Proud of beauty of the Bay
I’ve received a good number of appreciative comments about the recent BBC TV Countryfile programme devoted to the newly completed 81-mile cycleway around Morecambe Bay – from Glasson Dock to Walney Island.
The North Lancashire and South Cumbrian scenery was truly breathtaking and the programme is still available on the BBC iPlayer until mid November.
My only reservation was the opening words of presenter Anita Rani as she sat astride her bike at the start of her journey.
She naturally praised the terrific achievement the Bay Cycleway is, which no one would deny. But she added: “… and with luck I might even see one of the Bay’s famous sunsets.” No, no, no, Anita! You do not need much luck to see our sunsets.
The Met Office’s records show that Morecambe has the best sunshine record in the whole of North West England. From Carlisle to Chester, from Whitehaven to Appleby, there is nowhere else that enjoys more sunshine and sunsets – all year round.
Also, it was good to see the unflagging Susannah Bleakley from the Morecambe Bay Partnership interviewed.
Probably no single person has dedicated more creativity and energy to the protection and promotion of the Bay over the past two decades.
And with her enthusiastic partners, she has attracted significant external funding and has also put in place a strategy that will stand the test of time, uniting the several local authorities and the many voluntary organisations through which the Bay Way passes.
Coun Ron Sands, Lancaster City Council,
Heysham North Ward
High cost of using agencies
We are told there’s a big black hole (or should it be red) created by a £930m deficit in NHS spending over the first three months of this year.
Followed by a report that, since the election of Mr Cameron in 2010, NHS costs have been £43bn. Chancellor Osbourne is being asked to urgently make provision for the overburdened health service. Cash shortages are beginning to affect patient care, the demands for up-dated equipment, drugs and other forms of medication, to say nothing of waiting times for appointments, beds and operations.
Considering past reports of, for example, high-ranking NHS managers taking redundancy payments and then being employed elsewhere in the service, at the same rates of pay, and the employment of contract and agency staff on grossly inflated rates of pay, is it any wonder the once pride and joy of the UK is groaning under the strain?
When reports of nurses standing in for more than £160 an hour, and rates commensurate with the job for doctors, the sums involved have to be tremendous. It also causes unrest among those working for a fraction of the same pay.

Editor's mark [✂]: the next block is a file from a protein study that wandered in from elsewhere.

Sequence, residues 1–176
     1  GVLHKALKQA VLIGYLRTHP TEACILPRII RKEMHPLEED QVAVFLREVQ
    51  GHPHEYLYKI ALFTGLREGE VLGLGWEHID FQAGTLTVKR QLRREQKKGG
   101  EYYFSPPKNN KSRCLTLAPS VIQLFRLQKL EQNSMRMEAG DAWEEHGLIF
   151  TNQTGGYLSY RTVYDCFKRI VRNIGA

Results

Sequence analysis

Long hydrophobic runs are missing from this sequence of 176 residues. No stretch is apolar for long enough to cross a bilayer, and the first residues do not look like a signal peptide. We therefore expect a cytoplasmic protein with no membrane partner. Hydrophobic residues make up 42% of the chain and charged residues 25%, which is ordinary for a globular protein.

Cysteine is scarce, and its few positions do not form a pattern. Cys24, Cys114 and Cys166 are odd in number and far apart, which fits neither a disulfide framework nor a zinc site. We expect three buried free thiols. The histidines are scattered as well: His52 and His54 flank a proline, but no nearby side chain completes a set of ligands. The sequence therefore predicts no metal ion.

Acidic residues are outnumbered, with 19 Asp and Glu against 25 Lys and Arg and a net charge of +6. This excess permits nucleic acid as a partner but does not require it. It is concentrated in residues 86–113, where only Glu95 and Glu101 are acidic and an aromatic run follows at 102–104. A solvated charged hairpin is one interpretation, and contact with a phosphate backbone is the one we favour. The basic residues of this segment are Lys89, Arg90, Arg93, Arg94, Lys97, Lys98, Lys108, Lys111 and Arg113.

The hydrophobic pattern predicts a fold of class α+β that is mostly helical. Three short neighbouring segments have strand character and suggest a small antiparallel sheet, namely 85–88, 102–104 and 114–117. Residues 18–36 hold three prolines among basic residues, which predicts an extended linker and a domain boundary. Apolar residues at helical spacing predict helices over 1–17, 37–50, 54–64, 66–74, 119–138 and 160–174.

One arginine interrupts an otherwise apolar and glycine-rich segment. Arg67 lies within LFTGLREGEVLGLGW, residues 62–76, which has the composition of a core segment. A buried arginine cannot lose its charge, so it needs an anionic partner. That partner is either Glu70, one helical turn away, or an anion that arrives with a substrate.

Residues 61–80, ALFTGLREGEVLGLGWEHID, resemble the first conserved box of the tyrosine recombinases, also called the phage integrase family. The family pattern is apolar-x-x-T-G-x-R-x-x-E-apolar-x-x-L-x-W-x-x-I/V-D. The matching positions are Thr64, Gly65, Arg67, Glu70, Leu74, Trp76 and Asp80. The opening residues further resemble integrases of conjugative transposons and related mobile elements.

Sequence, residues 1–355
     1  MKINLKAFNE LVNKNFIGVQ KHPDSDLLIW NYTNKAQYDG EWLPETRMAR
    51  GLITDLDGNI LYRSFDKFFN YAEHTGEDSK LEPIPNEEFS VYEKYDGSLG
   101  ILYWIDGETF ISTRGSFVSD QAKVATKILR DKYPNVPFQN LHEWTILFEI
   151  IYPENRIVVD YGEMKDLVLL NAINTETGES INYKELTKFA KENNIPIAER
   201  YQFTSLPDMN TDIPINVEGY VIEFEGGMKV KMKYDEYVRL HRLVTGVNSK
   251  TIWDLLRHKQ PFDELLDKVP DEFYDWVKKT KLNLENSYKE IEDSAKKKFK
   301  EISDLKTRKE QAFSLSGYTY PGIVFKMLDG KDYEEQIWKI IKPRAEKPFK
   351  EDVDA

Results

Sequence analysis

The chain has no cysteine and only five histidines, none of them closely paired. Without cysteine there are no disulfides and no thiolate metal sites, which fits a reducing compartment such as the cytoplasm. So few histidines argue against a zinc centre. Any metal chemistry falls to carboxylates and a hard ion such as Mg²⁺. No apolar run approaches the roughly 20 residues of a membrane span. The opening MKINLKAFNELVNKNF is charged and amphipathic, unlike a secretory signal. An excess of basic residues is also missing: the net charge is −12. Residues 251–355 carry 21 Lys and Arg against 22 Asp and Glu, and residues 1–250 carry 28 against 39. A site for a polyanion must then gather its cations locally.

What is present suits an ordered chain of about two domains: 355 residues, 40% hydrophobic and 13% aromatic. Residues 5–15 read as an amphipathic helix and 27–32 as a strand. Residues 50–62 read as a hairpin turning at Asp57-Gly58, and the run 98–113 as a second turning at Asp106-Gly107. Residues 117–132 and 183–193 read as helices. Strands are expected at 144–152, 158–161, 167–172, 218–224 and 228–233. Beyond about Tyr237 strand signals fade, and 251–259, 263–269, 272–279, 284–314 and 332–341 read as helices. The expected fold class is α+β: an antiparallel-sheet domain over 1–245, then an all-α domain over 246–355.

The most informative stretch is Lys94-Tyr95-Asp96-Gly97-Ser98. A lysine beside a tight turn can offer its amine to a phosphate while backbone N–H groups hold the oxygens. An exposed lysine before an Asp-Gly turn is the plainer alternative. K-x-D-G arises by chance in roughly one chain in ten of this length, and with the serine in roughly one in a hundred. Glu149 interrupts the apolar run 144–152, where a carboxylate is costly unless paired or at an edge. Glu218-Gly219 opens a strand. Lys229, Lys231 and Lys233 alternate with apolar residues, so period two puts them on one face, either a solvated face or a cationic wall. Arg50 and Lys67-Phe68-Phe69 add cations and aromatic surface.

Surely if nurses and doctors in full employment were better paid, there would be no need to employ agency staff at such astronomical levels.
Even if unavoidable at times, such absurd extravagancies should be avoided, without the need of middle men taking their cut! Some of whom, having once been under contract to the NHS, have sold on their businesses for millions. Enough said!
Ernest Lundy via email
Who is charged in car puzzle?
Regarding smoking in cars with children, here is a scenario: dad is driving, mum in front passenger seat, both non-smokers. Eight-year-old daughter in the back seat with 17-year-old son who is smoking!
Who is charged with what?
Philip Austin, address supplied
Bag system is far from fair
Although I am fully aware about the 5p cost of bags, last week I took what bags I would need for items I intended to buy, but, as I browsed in a well-known high street store, decided to buy a few items of clothing.
When I took my purchases to the counter, I was told I’d need to pay for any bags I was using.
So if you decide to buy, for instance, a large item like a coat, you’ll have to pay for the bags needed. How many people carry, or indeed have, large enough bags for coats, bedding etc?
I know I haven’t, so it will be compulsory to pay for them as well as paying to advertise the store’s name on the bag. To me this system is far from fair.
Mrs Barbara Garratt, one angry pensioner
‘New World’ was settled earlier
In Monday’s LEP (October 12), it was stated that Christopher Columbus sighted new land and discovered the New World.
I would like to point out that the “New World”, had been settled over 36,000 years prior to Columbus, by people from North East Asia.
It would appear that only white discoveries are historically acceptable.
Frank Ruddy via email
Thank you for the memories
I was sent the article and photograph featured in the Looking Back page about Leyland Secondary Modern School (LEP October 1) and seeing the faces of my classmates brought back happy memories of my life in Lancashire.
I have lived in Hampshire for many years but will always be proud to call myself a Lancastrian.
I thank you for the happy reminder.
Joan M Burns (nee Beaver), Waterlooville
Forget lottery, try the Bonds
If you save £10 per week instead of wasting it on the lottery, in 10 weeks time you will have £100 and can buy a Premium Bond.
You are then entered into a prize draw and you have savings which you can cash in if you like.
DA Wragg, address supplied